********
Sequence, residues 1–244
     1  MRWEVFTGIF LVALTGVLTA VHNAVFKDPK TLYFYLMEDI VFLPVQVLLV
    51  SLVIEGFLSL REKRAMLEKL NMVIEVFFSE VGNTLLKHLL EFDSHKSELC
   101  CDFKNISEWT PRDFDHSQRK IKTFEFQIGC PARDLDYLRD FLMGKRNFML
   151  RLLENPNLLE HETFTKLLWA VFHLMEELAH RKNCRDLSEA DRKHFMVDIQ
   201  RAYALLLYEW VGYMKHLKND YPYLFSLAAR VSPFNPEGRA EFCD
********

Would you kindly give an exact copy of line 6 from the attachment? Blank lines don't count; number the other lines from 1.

   201  RAYALLLYEW VGYMKHLKND YPYLFSLAAR VSPFNPEGRA EFCD